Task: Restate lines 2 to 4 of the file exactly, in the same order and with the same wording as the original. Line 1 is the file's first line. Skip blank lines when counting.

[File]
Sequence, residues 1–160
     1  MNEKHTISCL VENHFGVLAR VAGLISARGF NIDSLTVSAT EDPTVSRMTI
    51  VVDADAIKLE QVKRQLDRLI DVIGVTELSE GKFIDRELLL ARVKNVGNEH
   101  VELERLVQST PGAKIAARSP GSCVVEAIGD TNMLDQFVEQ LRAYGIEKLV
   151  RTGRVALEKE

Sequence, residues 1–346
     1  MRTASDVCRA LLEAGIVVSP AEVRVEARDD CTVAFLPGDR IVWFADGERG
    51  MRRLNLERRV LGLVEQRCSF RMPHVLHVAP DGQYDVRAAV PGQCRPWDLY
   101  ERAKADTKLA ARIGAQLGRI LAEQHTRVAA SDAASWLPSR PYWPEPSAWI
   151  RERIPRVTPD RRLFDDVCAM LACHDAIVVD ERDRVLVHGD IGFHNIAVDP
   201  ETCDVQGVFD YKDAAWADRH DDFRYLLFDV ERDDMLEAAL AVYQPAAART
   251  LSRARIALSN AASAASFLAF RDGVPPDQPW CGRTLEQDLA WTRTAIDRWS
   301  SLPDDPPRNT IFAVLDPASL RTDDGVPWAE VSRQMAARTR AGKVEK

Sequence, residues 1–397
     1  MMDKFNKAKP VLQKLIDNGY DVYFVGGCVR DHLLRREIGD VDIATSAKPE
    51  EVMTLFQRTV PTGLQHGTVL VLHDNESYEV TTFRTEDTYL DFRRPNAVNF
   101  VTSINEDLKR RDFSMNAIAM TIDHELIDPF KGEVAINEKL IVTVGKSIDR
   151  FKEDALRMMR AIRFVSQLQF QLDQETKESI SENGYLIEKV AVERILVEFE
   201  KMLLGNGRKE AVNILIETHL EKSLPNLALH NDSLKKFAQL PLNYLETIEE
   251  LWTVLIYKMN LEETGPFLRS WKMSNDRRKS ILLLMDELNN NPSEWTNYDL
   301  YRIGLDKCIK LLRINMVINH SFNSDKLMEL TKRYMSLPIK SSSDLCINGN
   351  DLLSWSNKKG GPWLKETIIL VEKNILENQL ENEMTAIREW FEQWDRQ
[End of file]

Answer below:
     1  MNEKHTISCL VENHFGVLAR VAGLISARGF NIDSLTVSAT EDPTVSRMTI
    51  VVDADAIKLE QVKRQLDRLI DVIGVTELSE GKFIDRELLL ARVKNVGNEH
   101  VELERLVQST PGAKIAARSP GSCVVEAIGD TNMLDQFVEQ LRAYGIEKLV